On Dear Evan Hansen and Mental Illness in Media

(Note: This article contains spoilers for the musical Dear Evan Hansen.)

Broadway’s Dear Evan Hansen is a musical about a high school senior named Evan who has severe social anxiety. Generally friendless, fresh off a summer in which he broke his arm falling out of a tree, and agonizing over potential interactions with his long time crush Zoe Murphy, Evan is required to write hopeful, pep-talk style letters to himself as a therapy assignment. “Dear Evan Hansen, Today is going to be a good day and here’s why…” In the opening scene he tries and fails to write the letter, digressing into a nervous and negative rant about his shortcomings.

From the musical’s beginning, the character of Evan Hansen speaks to something we all feel. As he sings about how he’s “on the outside always looking in,” we remember when we have felt alone, powerless, and like we don’t belong. He speaks quickly with his nerves, fidgets and hunches over constantly, and is vulnerably human.

Evan is shoved in the hallway by fellow high school senior, and Zoe’s brother, Connor Murphy. Connor is characterized as a long-time “problem child” who is often high and has some (likely) undiagnosed/untreated mental health issues, and hence is quick to misinterpret and become paranoid. At the end of the school day, as Evan finishes and prints his letter in the school computer lab, Connor reappears, seemingly to make amends for his previous outburst. He signs Evan’s cast and for a moment the audience thinks the two may come to some sort of mutual understanding. But when Connor reads the letter he pulled off the printer and sees his sister’s name his paranoia returns. He accuses Evan of leaving the letter there to freak him out and mock his reaction publicly. Despite Evan’s protests Connor storms off, taking the letter with him.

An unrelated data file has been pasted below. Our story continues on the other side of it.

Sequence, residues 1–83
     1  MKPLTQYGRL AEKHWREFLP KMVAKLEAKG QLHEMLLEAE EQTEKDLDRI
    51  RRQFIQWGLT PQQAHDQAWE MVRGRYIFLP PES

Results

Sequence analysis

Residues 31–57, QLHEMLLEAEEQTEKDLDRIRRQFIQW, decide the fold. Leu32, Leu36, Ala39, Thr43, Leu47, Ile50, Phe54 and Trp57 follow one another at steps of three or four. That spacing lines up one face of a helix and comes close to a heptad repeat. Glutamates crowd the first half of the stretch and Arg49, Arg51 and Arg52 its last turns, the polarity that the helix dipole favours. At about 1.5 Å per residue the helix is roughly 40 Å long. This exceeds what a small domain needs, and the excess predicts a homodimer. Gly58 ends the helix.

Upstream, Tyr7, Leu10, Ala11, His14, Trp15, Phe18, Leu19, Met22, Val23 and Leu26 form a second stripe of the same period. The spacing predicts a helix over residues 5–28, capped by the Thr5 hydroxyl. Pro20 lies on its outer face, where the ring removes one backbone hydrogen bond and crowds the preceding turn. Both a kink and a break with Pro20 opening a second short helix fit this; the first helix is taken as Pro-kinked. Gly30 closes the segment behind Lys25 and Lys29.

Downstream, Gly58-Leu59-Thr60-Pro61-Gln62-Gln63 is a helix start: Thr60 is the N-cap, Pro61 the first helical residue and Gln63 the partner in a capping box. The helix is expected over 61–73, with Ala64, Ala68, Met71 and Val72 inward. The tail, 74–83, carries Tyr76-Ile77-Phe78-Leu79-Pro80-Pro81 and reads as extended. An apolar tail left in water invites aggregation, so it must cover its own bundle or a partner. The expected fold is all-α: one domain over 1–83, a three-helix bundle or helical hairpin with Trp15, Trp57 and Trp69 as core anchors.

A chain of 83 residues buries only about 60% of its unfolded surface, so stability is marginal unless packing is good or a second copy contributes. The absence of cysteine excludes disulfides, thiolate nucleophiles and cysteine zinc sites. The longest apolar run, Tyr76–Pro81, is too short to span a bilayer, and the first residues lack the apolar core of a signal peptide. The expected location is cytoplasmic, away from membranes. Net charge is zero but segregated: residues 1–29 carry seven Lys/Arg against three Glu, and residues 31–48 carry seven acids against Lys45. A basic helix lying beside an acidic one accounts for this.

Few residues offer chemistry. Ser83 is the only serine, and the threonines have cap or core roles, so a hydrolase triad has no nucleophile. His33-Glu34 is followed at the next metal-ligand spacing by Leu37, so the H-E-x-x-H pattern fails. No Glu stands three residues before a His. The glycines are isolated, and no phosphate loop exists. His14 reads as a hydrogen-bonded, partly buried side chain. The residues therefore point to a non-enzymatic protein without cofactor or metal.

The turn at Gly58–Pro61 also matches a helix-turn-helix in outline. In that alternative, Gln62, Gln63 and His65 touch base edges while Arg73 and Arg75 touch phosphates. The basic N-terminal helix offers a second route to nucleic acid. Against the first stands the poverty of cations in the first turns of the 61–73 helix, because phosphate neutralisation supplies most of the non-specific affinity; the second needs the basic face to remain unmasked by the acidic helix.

In the following days Connor Murphy is absent from school. His parents meet with Evan and reveal that Connor committed suicide with the letter in his pocket. They mistakenly think that the letter is Connor’s suicide note and that Evan was his friend. Seeing their grief and Connor’s mother’s desperation to cling to something good about her troubled son, Evan lies and invents a friendship between Connor and himself. As Evan becomes closer to the Murphy parents, and Zoe (who has very conflicting feelings about the death of her brother), his lies free him from the anxious and unhappy person he was and help him create a new identity. Soon, however, his lies spiral out of control in very public and damaging ways.

I’m simplifying somewhat for time’s sake and because it is much more beautiful and crushing through the script, staging, and music, but Dear Evan Hansen deals with mental illness, grief and how we grieve, family, and the powerful idea that you are not alone. I could write pages and pages about all of the things I love about and have learned from Dear Evan Hansen, but here I want to talk about how mental illness is represented in media, and why the portrayals of depression and anxiety in Dear Evan Hansen are illuminating and important.